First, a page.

Even if you love coming up with new and interesting names, picking good strong names for your characters can make your work enjoyable to read, and memorable. It’s tough to be original and still have names that are relatively simple and easy to remember, but it can be done. Put the work into it now, and it will pay off later on when your readers rave about your heroes and villains.

Title image by st3to.



  1. An interesting article, which doesn’t fall into the attitude I’ve so often come across that any name more than two syllables is evil and to be avoided like the plague. I have a personal soft spot for long names, which I try to balance with user-friendliness. Diminutives can help, even if you use the full name as well. I have two characters called Karaghr and Failiu (for the record, I personally consider both easy to pronounce) who are referred to as such in the narrative, but they always call each other Kari and Fai. Any reader who has problems with the full names can think the diminutives every time they come up.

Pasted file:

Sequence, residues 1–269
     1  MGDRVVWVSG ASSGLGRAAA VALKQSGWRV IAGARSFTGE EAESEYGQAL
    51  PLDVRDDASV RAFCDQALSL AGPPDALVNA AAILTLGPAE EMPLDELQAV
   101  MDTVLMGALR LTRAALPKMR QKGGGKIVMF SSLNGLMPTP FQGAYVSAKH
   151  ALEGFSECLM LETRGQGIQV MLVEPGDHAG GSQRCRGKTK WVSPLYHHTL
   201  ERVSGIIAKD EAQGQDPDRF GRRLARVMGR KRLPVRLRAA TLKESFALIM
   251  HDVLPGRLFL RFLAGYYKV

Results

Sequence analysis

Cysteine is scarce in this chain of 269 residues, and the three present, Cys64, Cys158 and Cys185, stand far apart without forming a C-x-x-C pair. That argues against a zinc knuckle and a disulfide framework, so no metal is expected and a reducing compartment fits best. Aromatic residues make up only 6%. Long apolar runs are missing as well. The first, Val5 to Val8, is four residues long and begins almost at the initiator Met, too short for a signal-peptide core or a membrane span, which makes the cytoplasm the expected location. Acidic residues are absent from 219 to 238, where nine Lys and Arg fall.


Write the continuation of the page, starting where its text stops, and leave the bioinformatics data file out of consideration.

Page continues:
I’m not sure it’s a big deal if the reader interprets pronunciation of a name differently from the author. Unless the way the name’s pronounced is vital to the story, it’s only important that the reader’s comfortable with their pronunciation. Fai, for instance, properly rhymes with die, but if a reader wants to rhyme it with day, they’re welcome to.

    • Thanks Nyki. I’m not opposed to multiple syllable names. Many of my names are three or more syllables. The goal is clarity, ease of interpretation, and memorability.

      Your right that name pronunciation is largely a non-issue. But there are cases where it can lead to misunderstandings. The comment was more a word of caution than anything. 🙂

      (For the record, when I read Fai, I pronounced it “fey” 🙂 )

  2. Avatar xiagan says:

    Somebody should’ve told Rothfuss before he named his main character Kvothe. 😉

    There are books I had put away because I stumbled over the character’s name all the time or where I found the name to be ugly and disruptive. So yes, names are important. You don’t have to follow the rules but you should know that they exist and you should have good reasons for naming your character Fafhrd or Kvothe.

    • Avatar Teri says:

      Was thinking this very thing myself. While I adore Rothfuss’s writing, I want to plant my foot in the soft danglies every time I read “Kvothe.” Does this make me a bad person?